Grandparents have a role in the lives of their grandchildren, but what exactly is that role? Let your adult children take the lead and discuss your expectations with them.
Becoming a grandparent changes everything. Coupled with incomparable joy is uncertainty about where you fit in. Your role — not always appreciated by society — is vitally important in shaping a grandchild’s life. At the end of the day, you and the parents want what’s best for the child. But, as you may discover you don’t always share the same ideology, and you must take a step back and understand that you’ve entered their world, sometimes feeling like a foreign ambassador. And, what you may really need is a handbook for diplomacy!
Remember Who Is In Charge
Grandparents must remember that their grown children are the ones responsible for raising the grandkids. “There’s a fine line between showing your interest, being involved, expressing your wishes and needs, and being just plain overbearing,” says Susan V. Bosak, national chairwoman of the Legacy Project in Washington, D.C., which has online resources for grandparents, parents, and kids. She also conducts Grandparent Connection workshops. “There are bound to be things you’d do differently, but accept parents’ decisions with a smile and grace.”
Tap In to Your Past
Remember your relationship with your parents and in-laws when you were a young parent? Those experiences provided lessons that can influence your grandparenting style for better or for worse. Maybe your mother had a habit of giving your child treats after you had said “no,” and you’ve vowed that you will never challenge your daughter’s authority in front of your grandchild. Smart decision. But what if your parents surprised your child with his first bike, and you do the same without knowing that your son thinks his child is too young for a bike? Ask questions first, before you assume that what you want for your grandchild is what his parents want.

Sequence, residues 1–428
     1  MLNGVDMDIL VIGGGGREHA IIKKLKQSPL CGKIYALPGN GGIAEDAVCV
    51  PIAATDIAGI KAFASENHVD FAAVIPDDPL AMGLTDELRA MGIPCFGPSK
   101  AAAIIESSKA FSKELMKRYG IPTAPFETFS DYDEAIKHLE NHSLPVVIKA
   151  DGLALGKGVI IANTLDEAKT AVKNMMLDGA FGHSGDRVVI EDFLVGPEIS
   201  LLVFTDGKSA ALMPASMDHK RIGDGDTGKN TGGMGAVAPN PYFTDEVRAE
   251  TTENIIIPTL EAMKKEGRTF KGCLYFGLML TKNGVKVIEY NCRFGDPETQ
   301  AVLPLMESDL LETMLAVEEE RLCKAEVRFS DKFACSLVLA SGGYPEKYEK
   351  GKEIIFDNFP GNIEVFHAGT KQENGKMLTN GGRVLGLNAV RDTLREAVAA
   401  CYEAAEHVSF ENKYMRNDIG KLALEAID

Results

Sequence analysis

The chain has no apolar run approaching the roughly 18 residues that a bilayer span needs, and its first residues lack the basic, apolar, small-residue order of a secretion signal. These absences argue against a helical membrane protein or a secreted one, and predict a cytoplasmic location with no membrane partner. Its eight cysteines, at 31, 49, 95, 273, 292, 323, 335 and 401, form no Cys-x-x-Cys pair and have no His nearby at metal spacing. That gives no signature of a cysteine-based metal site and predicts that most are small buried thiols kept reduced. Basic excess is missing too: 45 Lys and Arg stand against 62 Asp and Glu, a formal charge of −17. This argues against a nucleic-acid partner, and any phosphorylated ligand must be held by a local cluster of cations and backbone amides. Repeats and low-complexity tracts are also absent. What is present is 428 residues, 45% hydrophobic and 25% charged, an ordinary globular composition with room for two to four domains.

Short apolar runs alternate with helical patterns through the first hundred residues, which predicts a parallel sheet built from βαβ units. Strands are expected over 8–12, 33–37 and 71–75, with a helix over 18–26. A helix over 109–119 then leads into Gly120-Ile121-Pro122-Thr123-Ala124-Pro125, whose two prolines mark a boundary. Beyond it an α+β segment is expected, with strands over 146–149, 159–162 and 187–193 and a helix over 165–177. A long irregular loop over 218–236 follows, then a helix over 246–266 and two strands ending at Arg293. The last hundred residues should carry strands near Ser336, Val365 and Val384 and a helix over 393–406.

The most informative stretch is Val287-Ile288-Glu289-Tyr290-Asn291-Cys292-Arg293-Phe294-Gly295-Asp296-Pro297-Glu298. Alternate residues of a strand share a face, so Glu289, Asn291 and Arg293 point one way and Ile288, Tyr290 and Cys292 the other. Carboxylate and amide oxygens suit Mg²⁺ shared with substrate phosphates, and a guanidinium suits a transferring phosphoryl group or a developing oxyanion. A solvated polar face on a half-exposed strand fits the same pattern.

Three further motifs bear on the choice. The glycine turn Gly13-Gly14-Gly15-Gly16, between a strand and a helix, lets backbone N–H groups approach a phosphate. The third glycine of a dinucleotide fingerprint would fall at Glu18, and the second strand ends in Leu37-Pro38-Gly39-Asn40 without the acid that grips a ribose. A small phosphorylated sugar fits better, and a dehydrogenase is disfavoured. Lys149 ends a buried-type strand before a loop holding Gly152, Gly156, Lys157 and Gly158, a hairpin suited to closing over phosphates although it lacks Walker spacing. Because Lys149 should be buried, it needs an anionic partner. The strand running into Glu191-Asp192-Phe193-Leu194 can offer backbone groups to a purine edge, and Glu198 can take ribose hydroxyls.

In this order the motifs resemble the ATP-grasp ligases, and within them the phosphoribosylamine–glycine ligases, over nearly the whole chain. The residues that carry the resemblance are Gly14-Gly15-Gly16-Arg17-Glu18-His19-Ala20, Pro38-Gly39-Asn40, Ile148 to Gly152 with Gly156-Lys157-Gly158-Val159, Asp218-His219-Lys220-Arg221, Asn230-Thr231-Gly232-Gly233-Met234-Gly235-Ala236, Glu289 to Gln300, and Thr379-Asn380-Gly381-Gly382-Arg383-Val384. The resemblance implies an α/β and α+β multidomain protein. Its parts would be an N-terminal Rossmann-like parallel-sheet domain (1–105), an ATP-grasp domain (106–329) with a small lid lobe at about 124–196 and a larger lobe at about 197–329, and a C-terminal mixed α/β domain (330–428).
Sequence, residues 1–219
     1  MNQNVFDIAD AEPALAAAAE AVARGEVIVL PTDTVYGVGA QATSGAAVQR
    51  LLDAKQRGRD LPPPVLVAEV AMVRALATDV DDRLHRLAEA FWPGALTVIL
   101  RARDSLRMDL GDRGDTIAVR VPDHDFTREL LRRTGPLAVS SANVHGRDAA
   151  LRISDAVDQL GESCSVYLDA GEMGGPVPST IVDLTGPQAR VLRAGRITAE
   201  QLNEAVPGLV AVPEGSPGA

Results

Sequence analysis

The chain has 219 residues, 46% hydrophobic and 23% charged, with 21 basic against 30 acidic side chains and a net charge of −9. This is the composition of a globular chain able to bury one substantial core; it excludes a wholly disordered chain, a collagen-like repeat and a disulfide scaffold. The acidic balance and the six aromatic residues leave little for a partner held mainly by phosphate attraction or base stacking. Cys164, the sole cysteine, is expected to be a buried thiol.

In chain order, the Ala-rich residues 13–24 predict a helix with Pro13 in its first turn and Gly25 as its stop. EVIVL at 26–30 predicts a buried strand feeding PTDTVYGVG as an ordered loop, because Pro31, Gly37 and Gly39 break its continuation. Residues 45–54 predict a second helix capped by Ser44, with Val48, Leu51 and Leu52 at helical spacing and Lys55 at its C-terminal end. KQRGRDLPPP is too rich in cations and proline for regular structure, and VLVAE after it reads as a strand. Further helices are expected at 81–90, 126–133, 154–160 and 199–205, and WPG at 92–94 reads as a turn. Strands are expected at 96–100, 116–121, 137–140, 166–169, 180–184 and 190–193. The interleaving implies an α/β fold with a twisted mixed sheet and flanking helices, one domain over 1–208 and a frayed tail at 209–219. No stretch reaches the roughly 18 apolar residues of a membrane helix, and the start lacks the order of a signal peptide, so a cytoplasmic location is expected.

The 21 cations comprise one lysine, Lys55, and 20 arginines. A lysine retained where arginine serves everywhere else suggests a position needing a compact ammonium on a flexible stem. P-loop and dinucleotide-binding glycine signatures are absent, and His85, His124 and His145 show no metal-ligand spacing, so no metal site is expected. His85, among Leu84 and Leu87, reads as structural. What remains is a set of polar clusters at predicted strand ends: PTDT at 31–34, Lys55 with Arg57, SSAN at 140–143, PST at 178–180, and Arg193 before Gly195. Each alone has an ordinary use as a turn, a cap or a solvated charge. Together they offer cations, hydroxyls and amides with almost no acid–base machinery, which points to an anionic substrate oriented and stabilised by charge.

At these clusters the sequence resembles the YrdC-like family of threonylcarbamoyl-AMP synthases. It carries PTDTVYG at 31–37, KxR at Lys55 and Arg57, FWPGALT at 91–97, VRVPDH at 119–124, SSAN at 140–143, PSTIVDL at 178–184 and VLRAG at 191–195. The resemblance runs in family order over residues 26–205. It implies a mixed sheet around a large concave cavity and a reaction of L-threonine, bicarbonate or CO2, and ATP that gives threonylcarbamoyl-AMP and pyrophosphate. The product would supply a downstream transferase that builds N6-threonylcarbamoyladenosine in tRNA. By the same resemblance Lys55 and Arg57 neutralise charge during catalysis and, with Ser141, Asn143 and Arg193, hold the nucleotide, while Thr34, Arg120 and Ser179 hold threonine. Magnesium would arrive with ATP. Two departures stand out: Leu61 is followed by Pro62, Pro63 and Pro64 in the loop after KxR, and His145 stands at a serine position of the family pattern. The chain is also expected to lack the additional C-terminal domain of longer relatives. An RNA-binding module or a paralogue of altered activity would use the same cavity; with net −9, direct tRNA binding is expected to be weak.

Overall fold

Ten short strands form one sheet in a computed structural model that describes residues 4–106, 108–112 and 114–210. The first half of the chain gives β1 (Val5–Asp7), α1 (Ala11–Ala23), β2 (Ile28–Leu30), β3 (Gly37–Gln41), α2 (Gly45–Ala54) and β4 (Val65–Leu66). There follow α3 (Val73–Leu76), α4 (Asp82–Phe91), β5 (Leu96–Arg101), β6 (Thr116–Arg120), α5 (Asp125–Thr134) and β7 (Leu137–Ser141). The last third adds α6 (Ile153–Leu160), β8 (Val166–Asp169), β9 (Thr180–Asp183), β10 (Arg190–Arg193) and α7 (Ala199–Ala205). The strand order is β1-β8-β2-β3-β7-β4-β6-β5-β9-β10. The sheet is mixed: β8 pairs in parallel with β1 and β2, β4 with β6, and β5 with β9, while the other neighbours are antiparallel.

Similarly, your relationship with your grandparents is likely to have been vastly different from what you want your grandchildren to experience. Today’s grandma is more likely to go inline skating with grandkids than to bake cookies, and granddad might like paddleboarding better than fishing.
Grandparents Shouldn’t Have to Compete for Access to Grandkids
Personality, geography, and available time are just a few of the factors in the complicated matter of balancing grandparents’ access to grandkids. The tricky part is to make sure that all grandchildren know they are loved by all grandparents.
Whatever you do, and how you adapt to your role as a grandparent will forever leave a footprint for your family and loved ones. Take time to assess such an important journey as you navigate grandparenting.
*Portions of article reprinted from: https://www.webmd.com/healthy-aging/features/diplomatic-guide-for-grandparents#2